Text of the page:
As already mentioned, the intrinsic functions of FORTRAN can be freely used in PLANT expressions.

In addition, PLANT possesses some special functions of its own.

All settings using these functions have the following generic form:

VAR = FUNCTION NAME ( Arguments )

The table which follows gives a full description of each function.

Definitions and notes | Data-input group | Function name | Variable name | Type of arguments | No. of arguments |

3D box marker | 8, 11, 13-23 | BOX | MARK | Real expression | 17 |

Ellipsoid marker | 8, 11, 13-23 | ELLPSD | MARK | Real expression | 17 |

Sphere marker | 8, 11, 13-23 | SPHERE | MARK | Real expression | 5 |

XY-plane box marker | 8, 11, 13-23 | XYBOX | MARK | Real expression | 7 |

XY-plane circle marker | 8, 11, 13-23 | XYCIRC | MARK | Real expression | 4 |

XY-plane ellipse marker | 8, 11, 13-23 | XYELLP | MARK | Real expression | 7 |

XY-plane wedge marker | 8, 11, 13-23 | XYWEDG | MARK | Real expression | 7 |

YZ-plane marker | 8, 11, 13-23 | YZBOX | MARK | Real expression | 7 |

Distortion of solids, BFC | 6 | DISPLC | XC, YC | Real expression | 1 |

Distortion of solids, CARTES | 19 | DISPLS | PRPS | Real expression | 3 |

Displacement boundary conditions | 13 | SISBC | CO, VAL | Real expression | 1 |

Global summation | 2-5, 8, 15-23 | SUM | Real CDV | Real expression | 1 |

Four examples now follow.

**Example 1**, extracted from Case Y612 of the PLANT library, which
concerns the setting of initial values by means of the SPHERE function.

In above settings the coordinates of SPHERE vary with X direction coordinate. For uniform grid it makes the SPHERE function to "drill" the circular diagonal pipe of 2.5 diameter in a cube. Each cell of the pipe has the marker MARK=0.0.FIINIT(MARK)=1.0 PATCH(INI01,INIVAL,1,NX,1,NY,1,NZ,1,1) {INIT01> VAL=SPHERE(0.,XG2D,XG2D,XG2D,2.5) INIT (INI1,MARK,0.,GRND)

**Example 2**, extracted from Case Y611 of the PLANT library, which
should be examined if the full story is required.

The flow in the 4th slab of rectangular flow domain is initialized by making use the different distributions over specifically MARKed regions so as to have better accord with imposed geometry. The latter is the circle chamber with two tangentiall passages.

FIINIT(MARK)=1.0 PATCH(INIT70,INIVAL,1,NX/2,1,NY,4,4,1,1) {INIT70} VAL=XYELLP(2.,10.,10.,8.,8.,0.,0.) INIT (INIT70,MARK,0.,GRND)

In above statement, XYELLP function is used to make the half-circle of 16 m diameter as follows:

a) In the west half of 4th slab,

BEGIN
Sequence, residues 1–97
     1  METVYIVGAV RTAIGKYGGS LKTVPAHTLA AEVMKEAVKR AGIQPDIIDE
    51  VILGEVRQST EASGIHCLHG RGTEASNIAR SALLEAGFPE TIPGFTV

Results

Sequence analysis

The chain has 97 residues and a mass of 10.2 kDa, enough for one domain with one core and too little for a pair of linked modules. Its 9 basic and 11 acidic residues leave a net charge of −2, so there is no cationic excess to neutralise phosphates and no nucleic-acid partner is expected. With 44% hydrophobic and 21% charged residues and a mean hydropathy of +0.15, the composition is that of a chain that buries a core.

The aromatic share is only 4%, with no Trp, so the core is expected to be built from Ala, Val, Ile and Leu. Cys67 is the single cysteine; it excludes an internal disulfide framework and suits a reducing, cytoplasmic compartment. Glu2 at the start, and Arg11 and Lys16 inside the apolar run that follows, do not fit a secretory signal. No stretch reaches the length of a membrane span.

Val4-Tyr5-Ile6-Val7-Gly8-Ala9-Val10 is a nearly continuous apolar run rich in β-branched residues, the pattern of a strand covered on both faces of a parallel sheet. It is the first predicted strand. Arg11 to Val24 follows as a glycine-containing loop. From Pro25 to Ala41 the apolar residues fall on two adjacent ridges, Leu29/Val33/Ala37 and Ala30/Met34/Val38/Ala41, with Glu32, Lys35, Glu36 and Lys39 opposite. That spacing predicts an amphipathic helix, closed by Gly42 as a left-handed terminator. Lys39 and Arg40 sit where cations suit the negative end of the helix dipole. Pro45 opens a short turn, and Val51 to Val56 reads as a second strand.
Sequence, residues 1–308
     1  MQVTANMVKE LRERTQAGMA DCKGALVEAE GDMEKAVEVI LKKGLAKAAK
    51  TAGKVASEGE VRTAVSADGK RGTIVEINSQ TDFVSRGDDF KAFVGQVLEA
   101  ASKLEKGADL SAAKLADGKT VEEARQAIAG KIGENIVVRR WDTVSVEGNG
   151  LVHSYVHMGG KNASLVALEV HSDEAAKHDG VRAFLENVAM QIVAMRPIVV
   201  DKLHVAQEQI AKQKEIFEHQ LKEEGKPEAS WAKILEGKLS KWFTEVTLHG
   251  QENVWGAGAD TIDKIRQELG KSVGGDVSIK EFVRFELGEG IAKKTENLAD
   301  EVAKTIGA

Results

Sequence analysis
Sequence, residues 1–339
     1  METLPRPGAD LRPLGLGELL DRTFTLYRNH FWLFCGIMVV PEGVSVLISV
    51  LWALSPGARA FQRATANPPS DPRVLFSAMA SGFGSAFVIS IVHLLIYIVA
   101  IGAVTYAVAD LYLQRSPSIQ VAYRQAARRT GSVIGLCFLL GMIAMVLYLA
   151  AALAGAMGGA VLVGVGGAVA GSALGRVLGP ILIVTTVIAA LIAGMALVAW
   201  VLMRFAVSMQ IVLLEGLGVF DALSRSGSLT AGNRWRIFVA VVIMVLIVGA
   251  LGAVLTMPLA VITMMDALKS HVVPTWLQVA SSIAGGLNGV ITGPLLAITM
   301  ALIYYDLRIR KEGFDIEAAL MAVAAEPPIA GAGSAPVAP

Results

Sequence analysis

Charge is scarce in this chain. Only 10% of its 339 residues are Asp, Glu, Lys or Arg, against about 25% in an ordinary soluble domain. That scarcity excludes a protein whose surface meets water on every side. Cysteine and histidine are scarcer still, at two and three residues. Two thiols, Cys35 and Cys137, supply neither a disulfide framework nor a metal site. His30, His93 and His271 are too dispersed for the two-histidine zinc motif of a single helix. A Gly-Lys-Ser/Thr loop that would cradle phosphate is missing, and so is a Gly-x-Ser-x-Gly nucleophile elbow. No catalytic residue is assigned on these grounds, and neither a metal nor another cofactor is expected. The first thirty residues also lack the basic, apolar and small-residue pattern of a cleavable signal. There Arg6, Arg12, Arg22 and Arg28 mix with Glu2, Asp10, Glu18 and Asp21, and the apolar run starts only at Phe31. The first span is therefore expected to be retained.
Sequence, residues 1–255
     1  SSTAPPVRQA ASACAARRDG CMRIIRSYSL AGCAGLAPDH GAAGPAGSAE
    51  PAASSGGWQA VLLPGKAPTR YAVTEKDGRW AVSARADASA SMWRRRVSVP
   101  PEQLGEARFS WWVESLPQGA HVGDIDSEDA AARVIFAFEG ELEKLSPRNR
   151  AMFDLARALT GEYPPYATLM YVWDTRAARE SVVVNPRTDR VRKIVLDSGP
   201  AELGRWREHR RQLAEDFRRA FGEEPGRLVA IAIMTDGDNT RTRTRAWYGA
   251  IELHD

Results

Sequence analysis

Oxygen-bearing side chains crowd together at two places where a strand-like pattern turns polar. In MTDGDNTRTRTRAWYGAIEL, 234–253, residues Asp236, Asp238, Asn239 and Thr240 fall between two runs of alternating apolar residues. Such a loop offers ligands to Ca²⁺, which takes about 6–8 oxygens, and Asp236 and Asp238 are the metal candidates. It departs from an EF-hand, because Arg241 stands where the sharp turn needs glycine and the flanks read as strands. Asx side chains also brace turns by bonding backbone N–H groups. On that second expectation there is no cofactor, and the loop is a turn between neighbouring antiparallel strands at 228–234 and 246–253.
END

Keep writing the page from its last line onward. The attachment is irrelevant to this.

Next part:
b) place the ellipse marked by 2 (1st argument), with the centre at XC=10 m (2nd argument) and YC=10 m (3rd argument) and both half-axes equal to 8 m ( 4th and 5th arguments).

c) The 6th and 7th function arguments are insignificant for the circle shape and CARTES=T.

PATCH(INIT71,INIVAL,NX/2+1,NX,1,NY,4,4,1,1) {INIT71} VAL=XYELLP(3.,10.,10.,8.,8.,0.,0.) INIT (INIT71,MARK,0.,GRND)

In above statement, XYELLP function is used to make the half-circle of 16 m diameter in the east half of the domain. The cells inside ellipse are marked by 3.

PATCH(INIT08,INIVAL,1,NX/2,1,NY,4,4,1,1) {INIT08} VAL=XYELLP(4.,10.,17.,100.,1.,0.,0.) INIT (INIT08,MARK,0.,GRND)

In above statement, XYELLP function is used to make the rectangular of 2 m width and 10 m length, tangential to the circle, as follows:

a) In the west half of 4th slab,

b) place the ellipse marked by 4 (1st argument), with the centre at XC=10 m (2nd argument) and YC=17 m (3rd argument), large (100.m) X-direction half-axis (4th argument) and Y-direction half axis equals to 1.m (5th argument).

c) The 6th and 7th function arguments are insignificant for the circle shape and CARTES=T.

PATCH(INIT09,INIVAL,NX/2+1,NX,1,NY,4,4,1,1) {INIT09} VAL=XYELLP(5.,10.,3.,100.,1.,0.,0.) INIT (INIT09,MARK,0.,GRND)

In above statement, XYELLP function is used to make the rectangular of 2 m width and 10 m length, tangential to the circle, in the east half of the domain. The cells inside ellipse are marked by 5.

PATCH(INIT11,INIVAL,1,NX/2,1,NY,5,NZ,1,1) {INIT11} VAL=ELLPSD(6.,10.,16.,12.,100.,2.,2.,$ 0.,RG(2),RG(2),RG(2),0.,RG(2),RG(2),RG(2),0.,0.) INIT (INIT11,MARK,0.,GRND)

In above statement, ELLPSD function is used to make the cylinder of 2 m radius, tangentially joining the sphere, as follows:

a) In the east half of the section,

b) place the ellipsoid marked by 6 (1st argument), with the centre at XC=10 m (2nd argument), YC=16 m (3rd argument) and ZC=12 m (4th argument).